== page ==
A World With No Traffic: An Oxymoron No More?

Daunting....isn't it.

Daunting….isn’t it.

What is the one thing that every human in the world hates: TRAFFIC!.

Ok, so I didn’t think of some life altering idea that will revolutionize the very world as we know it, but rather identified traffic as something I pretty much am sure every human on earth hates. Also upon reading the prompt, the fact that Seth Godin’s ideas on Traffic was a link at the bottom seemed eerily serendipitous. But, again, I have never come across a traveler who smiles appreciatively upon gazing at the line of what appears to be 968 cars stacked bumper to bumper like an evil, bloodsucking serpent. Sorry…I got carried away.

But seriously, I know there are more and more drivers on the roads today with the increasing population, yet I find it interesting that we consider ourselves the peak of living species on this planet, but we can’t figure out how to get from point a to b without stopping, and starting, and stopping, and starting over and over and over and over…. But, it isn’t disputed that it has a series of trickle down costs, most incurred to things tangible like your health, but most importantly your mind pays a high price as well.

I managed to find a think tank corporation called RAND, and a team of researchers – who apparently really hate traffic – who sought out potential solutions to end this madness. These researchers went to inspect the worst traffic jams in the country through gathering data and speaking to members of the transit process. Here is the Rand research brief, Reducing Traffic Congestion in Los AngelesIf you want to read the full report, here it is, but it may be more boring than actual traffic. Interestingly enough, the researchers boiled it down to a simple supply & demand problem.

Here are the four main ideas from the aforementioned research brief above:

  • “Paired one-way street conversions can increase travel speed by about 20 percent and reduce travel time by 20 to 30 percent.
  • High-occupancy toll (HOT) lanes can maintain free-flowing travel speeds (60 to 65 mph) during peak travel hours while carrying up to twice the volume that congested general-purpose lanes do.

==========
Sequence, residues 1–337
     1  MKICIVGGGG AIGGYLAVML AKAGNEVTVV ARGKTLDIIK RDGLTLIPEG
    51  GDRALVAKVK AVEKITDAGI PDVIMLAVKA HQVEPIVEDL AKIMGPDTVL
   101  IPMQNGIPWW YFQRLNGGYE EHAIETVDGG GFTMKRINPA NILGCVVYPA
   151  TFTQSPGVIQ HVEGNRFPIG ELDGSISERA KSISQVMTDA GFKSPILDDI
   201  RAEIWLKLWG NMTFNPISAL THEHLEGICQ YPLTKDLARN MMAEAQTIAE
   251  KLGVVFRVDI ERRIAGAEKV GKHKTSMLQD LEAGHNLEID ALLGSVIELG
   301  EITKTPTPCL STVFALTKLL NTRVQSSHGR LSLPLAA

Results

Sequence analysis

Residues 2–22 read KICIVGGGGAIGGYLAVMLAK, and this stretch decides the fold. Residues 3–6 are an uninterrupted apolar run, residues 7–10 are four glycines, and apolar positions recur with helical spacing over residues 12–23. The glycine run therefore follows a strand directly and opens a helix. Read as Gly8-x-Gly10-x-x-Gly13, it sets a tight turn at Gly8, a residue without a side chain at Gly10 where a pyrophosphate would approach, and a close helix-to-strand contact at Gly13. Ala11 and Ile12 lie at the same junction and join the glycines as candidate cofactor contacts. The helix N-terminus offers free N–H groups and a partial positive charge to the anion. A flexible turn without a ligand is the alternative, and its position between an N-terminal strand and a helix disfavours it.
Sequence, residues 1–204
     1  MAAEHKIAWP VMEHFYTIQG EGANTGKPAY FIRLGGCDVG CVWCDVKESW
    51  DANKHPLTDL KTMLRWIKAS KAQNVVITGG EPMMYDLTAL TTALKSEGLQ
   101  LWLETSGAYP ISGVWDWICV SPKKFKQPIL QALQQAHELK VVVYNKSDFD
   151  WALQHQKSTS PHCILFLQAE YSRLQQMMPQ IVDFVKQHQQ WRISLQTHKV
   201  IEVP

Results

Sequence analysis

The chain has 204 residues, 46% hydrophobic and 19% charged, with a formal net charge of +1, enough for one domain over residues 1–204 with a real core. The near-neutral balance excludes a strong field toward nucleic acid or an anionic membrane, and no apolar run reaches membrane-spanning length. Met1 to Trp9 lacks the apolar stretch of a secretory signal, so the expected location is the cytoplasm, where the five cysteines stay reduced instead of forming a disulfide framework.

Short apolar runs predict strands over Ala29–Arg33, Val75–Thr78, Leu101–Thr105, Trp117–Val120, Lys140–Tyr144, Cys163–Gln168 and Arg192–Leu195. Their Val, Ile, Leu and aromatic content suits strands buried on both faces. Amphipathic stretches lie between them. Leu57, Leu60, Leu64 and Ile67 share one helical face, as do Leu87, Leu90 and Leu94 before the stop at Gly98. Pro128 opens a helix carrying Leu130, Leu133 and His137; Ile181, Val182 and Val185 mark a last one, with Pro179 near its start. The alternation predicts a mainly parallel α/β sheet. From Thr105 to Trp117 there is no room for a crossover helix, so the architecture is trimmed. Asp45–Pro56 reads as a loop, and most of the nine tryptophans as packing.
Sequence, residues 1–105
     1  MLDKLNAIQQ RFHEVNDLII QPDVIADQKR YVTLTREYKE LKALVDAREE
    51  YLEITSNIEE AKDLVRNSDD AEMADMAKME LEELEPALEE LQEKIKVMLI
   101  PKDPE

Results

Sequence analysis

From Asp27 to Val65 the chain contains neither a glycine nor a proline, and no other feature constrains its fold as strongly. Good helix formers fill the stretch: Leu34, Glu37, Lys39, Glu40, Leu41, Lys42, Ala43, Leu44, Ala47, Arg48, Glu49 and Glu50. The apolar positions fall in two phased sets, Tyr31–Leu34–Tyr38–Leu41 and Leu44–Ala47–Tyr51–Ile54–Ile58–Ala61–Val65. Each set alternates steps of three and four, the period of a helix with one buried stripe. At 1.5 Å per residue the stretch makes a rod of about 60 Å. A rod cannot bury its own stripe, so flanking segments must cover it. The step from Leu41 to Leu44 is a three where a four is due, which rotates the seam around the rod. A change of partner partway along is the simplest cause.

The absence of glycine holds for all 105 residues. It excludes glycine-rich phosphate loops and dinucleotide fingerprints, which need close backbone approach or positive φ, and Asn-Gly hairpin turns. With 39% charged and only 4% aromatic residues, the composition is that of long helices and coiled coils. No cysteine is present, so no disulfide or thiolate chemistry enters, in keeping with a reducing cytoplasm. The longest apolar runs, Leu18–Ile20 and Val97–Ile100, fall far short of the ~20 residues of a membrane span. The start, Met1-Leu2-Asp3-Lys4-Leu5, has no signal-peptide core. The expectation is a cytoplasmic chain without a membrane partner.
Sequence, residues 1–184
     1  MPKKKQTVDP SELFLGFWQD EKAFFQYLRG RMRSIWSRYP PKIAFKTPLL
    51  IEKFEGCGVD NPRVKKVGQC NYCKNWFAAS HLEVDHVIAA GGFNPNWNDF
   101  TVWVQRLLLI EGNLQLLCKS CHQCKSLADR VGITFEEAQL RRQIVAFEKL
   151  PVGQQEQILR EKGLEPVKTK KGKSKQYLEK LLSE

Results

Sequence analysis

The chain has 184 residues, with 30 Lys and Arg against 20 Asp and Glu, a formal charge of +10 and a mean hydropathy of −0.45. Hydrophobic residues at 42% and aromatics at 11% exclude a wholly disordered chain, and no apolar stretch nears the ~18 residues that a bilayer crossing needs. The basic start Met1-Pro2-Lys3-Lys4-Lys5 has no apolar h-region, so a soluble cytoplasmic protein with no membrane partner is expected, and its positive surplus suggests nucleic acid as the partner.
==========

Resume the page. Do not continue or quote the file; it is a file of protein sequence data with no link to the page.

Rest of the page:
• HOT lanes can also raise sufficient revenue to subsidize express-bus operations.
  • Bus rapid transit (BRT) featuring bus-only lanes can result in much faster transit service at relatively low cost.”

There is an ebb and flow between the demand for privately owned car highway transportation, and the supply of space to actually drive the cars. The most interesting thing I learned was that a term called Triple Convergence, and ya, I did just throw out a car traffic vocab word. It is the “route” of the problem because when you add more lanes, traffic will decrease for a short time. Then, when word spreads that the traffic is down, the previous users of the highway who had changed their transportation to avoid this traffic will return. Furthermore, many new travelers will choose this highway as their new way to get to work. The researchers focused on how to manage traffic at peak rush hour timeframes. They identified that the only way to reduce traffic in the long term is to increase the price of tolls. But with this, lower income citizens may not be able to afford driving themselves, and cities will need to put a prime focus on instituting cheap and efficient public transportation systems.

I believe that it would be best for the government to charge more for highway use, because it is a high demand service. The idea of paying for a faster lane is taking it a little too far though. On the contrary, that space should be used for bus lanes. More people will have to revert to public transportation, but this will put pressure on politicians and businesspeople to collaborate and provide faster and cheaper transit solutions. Businesses could materialize with mission statements that commit the company to providing more Americans with viable transportations services. But, society may be the essential piece. We need to be introspective and evaluate our modes of transportation. Most affluent families may have 2 to 3 cars, and I struggle to understand why so many young adults have cars when they live in big cities. I think as more public transportation appears, there can be a triple convergence, but this time, it will be the subways and buses.


3 comments on “A World With No Traffic: An Oxymoron No More?

  1. I remember in like 1990 hearing a news story about how these super computers that (maybe RAND?) had developed to study nuclear warfare scenarios were obsolete and were bieng reprogrammed to study traffic by simulating it and finding solutions.

    They couldn’t. Too hard.

    Nuclear warfare: winnable (supposedly).
    Traffic: too hard to solve.


  2. Charging more for highway use would not be a bad idea. They do so already on major toll roads like the NJ and PA turnpikes, but what’s to stop them on major highways like I-95 which goes through a majority of the major cities on the East Coast.

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